Highly sensitive and selective chemiresistive sensors based on graphene functionalized by metals and metal oxides have attracted considerable attention in the fields of environmental monitoring and medical assessment because of their ultrasensitive gas detecting performance and cost-effective fabrication. However, their operation, in terms of detection limit and reliability, is limited in traditional applications because of ambient humidity. Here, the enhanced sensitivity and selectivity of single-stranded DNA-functionalized graphene (ssDNA-FG) sensors to NH3 and H2S vapors at high humidity are demonstrated and their sensing mechanism is suggested. It is found that depositing a layer of ssDNA molecules leads to effective modulation of carrier density in graphene, as a negative-potential gating agent and the formation of an additional ion conduction path for proton hopping in the layer of hydronium ions (H3O+) at high humidity (>80%). Considering that selectively responsive chemical vapors are biomarkers associated with human diseases, the obtained results strongly suggest that ssDNA-FG sensors can be the key to developing a high-performance exhaled breath analyzer for diagnosing halitosis and kidney disorder.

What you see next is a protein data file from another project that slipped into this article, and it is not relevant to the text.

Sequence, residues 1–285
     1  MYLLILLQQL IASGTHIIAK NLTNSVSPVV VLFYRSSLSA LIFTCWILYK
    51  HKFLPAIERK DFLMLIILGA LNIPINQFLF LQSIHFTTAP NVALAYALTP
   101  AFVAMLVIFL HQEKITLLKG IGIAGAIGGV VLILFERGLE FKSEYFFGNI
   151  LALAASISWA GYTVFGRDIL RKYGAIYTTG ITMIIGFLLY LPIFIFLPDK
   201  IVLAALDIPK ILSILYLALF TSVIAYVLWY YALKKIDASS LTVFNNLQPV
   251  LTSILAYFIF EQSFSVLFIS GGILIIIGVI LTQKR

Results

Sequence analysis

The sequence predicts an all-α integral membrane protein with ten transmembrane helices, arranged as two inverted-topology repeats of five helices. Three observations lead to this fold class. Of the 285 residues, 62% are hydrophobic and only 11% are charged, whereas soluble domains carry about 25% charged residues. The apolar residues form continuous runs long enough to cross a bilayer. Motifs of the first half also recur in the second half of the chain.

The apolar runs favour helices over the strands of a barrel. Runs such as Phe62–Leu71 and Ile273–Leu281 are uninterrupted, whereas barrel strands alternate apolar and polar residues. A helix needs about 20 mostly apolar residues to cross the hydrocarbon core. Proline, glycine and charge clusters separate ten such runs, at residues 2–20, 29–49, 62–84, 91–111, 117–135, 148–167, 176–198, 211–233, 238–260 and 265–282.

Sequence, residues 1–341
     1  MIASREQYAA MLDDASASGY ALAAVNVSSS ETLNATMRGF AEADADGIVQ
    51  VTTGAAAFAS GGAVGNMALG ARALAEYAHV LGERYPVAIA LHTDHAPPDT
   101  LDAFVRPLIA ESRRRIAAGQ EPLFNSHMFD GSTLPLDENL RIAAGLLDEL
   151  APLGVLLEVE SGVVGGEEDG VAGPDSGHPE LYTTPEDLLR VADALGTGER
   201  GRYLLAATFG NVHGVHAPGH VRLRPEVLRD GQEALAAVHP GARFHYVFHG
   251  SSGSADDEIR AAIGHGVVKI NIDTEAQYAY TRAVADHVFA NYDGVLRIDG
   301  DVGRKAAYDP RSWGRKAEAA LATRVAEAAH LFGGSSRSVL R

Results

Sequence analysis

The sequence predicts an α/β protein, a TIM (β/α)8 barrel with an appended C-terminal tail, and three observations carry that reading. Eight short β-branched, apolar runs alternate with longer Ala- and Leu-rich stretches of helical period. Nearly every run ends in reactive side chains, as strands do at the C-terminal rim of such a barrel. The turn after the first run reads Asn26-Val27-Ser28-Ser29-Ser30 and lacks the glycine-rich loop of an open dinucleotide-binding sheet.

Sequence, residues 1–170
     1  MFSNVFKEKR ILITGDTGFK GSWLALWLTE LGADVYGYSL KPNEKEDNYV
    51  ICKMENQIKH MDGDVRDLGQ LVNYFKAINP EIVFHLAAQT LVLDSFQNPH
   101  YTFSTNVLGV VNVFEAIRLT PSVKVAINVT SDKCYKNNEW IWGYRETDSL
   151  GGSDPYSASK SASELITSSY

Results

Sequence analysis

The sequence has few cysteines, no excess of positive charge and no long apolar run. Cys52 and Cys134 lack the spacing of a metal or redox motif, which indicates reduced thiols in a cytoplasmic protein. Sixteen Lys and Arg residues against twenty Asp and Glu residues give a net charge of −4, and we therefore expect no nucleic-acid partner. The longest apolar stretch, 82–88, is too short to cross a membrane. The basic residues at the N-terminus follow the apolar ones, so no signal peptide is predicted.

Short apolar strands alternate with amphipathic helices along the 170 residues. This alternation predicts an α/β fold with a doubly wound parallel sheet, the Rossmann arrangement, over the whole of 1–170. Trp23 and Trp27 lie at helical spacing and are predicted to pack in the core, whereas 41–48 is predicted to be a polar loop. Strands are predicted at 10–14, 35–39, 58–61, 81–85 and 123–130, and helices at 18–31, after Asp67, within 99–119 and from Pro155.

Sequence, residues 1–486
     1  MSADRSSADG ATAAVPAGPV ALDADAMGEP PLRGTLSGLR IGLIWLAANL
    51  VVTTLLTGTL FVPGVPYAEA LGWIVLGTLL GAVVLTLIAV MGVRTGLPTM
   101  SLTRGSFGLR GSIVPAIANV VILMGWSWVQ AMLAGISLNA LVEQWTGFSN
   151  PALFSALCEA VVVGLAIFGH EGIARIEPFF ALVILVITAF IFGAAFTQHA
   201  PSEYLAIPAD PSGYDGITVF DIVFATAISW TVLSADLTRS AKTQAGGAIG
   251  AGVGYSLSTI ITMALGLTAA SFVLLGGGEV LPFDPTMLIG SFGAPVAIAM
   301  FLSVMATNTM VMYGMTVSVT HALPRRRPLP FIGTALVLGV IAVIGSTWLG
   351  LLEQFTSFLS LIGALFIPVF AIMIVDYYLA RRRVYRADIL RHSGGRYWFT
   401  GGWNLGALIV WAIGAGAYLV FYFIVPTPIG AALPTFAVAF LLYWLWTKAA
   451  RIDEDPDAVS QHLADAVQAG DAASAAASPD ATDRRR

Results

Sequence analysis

Bibliographical noteFunding Information:
Y.J. and H.G.M. contributed equally to this work. This work was partly supported by the KIST Institutional Program (Project No. 2E27270), the Global Top Project funded by the Korean Ministry of Environment (GT-11-F-02-002-1), Nano-Material Technology Development Program (2012M3A7B4049804), the Industrial Technology Innovation Program (10054548) funded by the Ministry of Trade, Industry, & Energy (MI, Korea), and an Institute for Information & Communications Technology Promotion (IITP) grant funded by the Korea government (MSIP) (No. R0126-16-1050, Olfactory Bio Data based Emotion Enhancement Interactive Content Technology Development).
© 2017 WILEY-VCH Verlag GmbH & Co. KGaA, Weinheim
All Science Journal Classification (ASJC) codes
- Materials Science(all)
- Condensed Matter Physics